A Curriculum With Measurable Outcomes

Systematic, Sequential, Effective

The positive outcomes of the Bridges curriculum have been achieved through systematic teaching that
embeds a sequential ordering of concepts and skills.

Parent Expectations

of The Bridges Curriculum

The parents who enrolled their children in The Bridges Curriculum had specific expectations and objectives they wanted achieved for their respective child or young person. In summary, these were:

  • Improved self and other awareness
  • Management of own feelings / Recognition of others’ feelings
  • Social skills for communication and interaction with peers
  • Friendship with peers
  • Good self-esteem and well-being
  • Perspective taking skills
  • Ability to integrate socially into mainstream education

To maintain objectivity as well as avoid any conflict of interest, all 59 parents surveyed were no longer engaging direct services from Bridges at the time of their participation in the survey.

To establish a clear representation of feedback and ensure that our evidence synthesis was as free from bias as possible, parent feedback was taken from complete groups of children who we had worked with. From the group of 27 parents in 2011, 23 formed 5 complete groups. The 4 remaining children switched groups during their intervention so their connection to 1 particular group was not as clearly defined. The group of 32 parents in 2012 formed 7 complete groups. All the children surveyed attended mainstream schools where they had daily contact with neurotypical peers (peers with age appropriate social skills).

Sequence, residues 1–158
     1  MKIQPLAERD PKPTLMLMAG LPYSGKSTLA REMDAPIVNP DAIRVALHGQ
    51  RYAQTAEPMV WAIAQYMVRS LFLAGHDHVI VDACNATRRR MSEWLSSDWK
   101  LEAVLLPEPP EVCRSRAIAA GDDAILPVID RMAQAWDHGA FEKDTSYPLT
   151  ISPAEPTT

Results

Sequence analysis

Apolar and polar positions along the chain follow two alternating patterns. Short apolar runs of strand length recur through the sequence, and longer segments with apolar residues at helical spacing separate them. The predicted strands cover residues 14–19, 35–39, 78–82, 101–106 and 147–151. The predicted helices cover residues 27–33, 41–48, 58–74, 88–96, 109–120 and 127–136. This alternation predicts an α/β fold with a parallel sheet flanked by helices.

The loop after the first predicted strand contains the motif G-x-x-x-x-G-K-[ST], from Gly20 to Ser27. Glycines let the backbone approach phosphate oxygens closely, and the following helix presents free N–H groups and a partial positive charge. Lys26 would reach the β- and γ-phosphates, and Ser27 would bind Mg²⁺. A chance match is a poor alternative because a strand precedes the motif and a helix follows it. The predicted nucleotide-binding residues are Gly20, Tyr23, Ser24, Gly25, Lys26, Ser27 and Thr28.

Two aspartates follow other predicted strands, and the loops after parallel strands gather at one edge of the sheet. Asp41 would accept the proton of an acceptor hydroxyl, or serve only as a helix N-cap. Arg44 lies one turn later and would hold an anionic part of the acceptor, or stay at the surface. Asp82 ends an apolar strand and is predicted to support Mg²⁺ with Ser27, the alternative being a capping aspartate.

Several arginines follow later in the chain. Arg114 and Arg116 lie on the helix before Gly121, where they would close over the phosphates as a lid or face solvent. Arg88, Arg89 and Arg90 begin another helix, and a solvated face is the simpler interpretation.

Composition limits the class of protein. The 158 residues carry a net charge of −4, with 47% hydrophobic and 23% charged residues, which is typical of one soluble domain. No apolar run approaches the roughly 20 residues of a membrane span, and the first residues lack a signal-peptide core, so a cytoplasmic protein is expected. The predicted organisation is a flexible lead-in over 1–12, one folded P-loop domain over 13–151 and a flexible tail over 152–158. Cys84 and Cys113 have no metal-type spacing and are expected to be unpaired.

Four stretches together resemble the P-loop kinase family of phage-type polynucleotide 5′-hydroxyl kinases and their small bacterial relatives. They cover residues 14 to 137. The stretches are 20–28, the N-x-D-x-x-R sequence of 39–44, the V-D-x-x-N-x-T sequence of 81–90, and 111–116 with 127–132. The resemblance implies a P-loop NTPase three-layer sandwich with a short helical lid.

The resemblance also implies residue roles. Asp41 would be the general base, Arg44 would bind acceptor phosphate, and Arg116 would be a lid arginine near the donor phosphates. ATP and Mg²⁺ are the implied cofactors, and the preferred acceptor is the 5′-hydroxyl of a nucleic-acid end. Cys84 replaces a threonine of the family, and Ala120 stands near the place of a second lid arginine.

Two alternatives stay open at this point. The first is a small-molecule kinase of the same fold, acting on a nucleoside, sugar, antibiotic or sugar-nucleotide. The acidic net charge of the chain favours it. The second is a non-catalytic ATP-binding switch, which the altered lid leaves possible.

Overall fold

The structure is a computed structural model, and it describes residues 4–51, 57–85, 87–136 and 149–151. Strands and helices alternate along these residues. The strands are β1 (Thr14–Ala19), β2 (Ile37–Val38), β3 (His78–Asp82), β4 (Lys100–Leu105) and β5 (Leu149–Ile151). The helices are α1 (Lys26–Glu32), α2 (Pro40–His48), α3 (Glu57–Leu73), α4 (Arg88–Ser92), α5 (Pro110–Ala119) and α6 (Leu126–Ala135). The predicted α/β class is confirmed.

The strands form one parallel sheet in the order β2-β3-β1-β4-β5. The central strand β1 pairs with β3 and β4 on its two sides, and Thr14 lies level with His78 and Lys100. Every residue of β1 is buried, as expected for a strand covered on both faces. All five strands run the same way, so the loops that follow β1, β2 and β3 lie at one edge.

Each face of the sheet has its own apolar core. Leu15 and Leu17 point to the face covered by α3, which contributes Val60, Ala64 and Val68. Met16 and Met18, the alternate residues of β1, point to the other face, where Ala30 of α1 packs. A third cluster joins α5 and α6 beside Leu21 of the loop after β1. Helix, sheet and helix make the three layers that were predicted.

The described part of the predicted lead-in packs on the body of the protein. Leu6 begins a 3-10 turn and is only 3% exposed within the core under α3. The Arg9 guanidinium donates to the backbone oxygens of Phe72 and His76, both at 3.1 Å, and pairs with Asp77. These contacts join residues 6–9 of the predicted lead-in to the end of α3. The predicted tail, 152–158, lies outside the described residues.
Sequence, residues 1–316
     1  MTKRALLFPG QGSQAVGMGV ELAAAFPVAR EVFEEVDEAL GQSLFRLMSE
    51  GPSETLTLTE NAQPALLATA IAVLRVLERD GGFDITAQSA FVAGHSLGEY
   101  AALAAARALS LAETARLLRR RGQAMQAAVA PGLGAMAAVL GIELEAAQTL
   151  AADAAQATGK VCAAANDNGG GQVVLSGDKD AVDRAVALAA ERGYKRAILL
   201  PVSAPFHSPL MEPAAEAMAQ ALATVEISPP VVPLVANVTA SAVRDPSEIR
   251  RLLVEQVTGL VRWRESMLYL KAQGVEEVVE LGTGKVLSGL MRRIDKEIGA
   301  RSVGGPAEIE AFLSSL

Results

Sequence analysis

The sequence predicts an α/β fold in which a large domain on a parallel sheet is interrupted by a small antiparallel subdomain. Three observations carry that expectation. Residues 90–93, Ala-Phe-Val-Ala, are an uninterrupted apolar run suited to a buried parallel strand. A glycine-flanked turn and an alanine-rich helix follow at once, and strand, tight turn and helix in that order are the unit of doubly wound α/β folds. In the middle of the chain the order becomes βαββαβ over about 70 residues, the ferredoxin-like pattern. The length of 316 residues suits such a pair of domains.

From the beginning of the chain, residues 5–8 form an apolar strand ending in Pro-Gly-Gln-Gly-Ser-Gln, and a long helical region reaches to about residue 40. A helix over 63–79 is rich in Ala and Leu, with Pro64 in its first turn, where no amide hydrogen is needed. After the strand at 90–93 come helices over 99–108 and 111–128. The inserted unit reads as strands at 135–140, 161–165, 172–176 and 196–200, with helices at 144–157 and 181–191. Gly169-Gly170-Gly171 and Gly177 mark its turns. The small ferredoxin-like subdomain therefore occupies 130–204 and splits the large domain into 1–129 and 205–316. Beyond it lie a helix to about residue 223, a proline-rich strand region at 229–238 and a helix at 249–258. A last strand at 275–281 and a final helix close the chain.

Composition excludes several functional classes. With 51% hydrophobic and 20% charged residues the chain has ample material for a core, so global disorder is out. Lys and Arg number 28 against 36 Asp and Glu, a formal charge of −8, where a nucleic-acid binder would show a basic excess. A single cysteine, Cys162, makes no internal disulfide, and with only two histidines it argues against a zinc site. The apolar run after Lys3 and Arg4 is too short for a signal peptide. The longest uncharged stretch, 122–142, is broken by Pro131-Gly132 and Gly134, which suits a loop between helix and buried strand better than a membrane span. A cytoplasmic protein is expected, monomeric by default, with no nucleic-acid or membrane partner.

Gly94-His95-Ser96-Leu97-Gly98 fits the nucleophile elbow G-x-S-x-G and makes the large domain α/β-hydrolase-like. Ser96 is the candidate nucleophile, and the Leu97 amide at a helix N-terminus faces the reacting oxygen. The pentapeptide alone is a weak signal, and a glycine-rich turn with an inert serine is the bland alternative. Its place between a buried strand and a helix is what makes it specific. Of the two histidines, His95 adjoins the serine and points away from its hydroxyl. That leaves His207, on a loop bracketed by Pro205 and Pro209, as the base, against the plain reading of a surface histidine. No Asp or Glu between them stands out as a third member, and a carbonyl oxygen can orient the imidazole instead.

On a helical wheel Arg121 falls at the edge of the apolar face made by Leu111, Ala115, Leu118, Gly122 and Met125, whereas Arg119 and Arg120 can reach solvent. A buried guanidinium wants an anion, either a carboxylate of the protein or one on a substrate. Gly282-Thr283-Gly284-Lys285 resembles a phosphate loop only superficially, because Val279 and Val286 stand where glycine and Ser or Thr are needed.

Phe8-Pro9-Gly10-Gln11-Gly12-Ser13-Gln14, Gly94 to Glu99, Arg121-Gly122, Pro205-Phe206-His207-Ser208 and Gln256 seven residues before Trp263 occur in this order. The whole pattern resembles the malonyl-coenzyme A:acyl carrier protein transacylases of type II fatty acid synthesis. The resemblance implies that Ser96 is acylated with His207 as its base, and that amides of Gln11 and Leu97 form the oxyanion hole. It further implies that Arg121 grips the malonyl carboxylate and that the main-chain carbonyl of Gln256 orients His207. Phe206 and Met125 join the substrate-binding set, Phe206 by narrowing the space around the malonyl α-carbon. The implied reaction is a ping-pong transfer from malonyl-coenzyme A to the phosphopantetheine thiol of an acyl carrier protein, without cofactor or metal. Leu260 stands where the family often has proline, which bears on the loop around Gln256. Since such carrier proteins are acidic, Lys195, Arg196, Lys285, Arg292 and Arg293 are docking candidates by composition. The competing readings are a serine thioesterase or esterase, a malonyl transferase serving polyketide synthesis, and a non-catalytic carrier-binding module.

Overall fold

Based on the figures collated from parent feedback, it can be concluded that moderate to significant improvements were observed in social, communication and emotional development, independence and friendship.

Nearly all the parents reported the greatest improvements in the following areas for their child or young person:

  •  Communicates effectively and uses language more flexibly.
  • Listens to adults (especially parents) and follows their directions.
  •  Listens and pays more attention to other people when they talk.
  •  Accepts that people have different ideas and doesn’t get as upset with disagreements.
  •  Makes the effort to think about other people and will compromise with his/her friends on a joint activity.
  •  Shares his/her ideas and will stand up for them.
  • Gives up a preferred activity to join a peer in an activity outside his/her area of interest.
  •  Recognises and understands his/her own feelings.
  •  Expresses and manages his/her own feelings.
  •  Knows how to have conversations with other kids of the same age.
  •  Makes friends with and without help from parents.
  •  Shows more independence in self-care and daily living.

(Postscript: Based on the report of parents who have kept in contact with us, there appears to be evidence of maintenance of social learning 5 years post intervention for their young people. Individual cases have also reported continued growth in social functioning beyond the specific areas of the curriculum taught to them.)

Parent Surveys >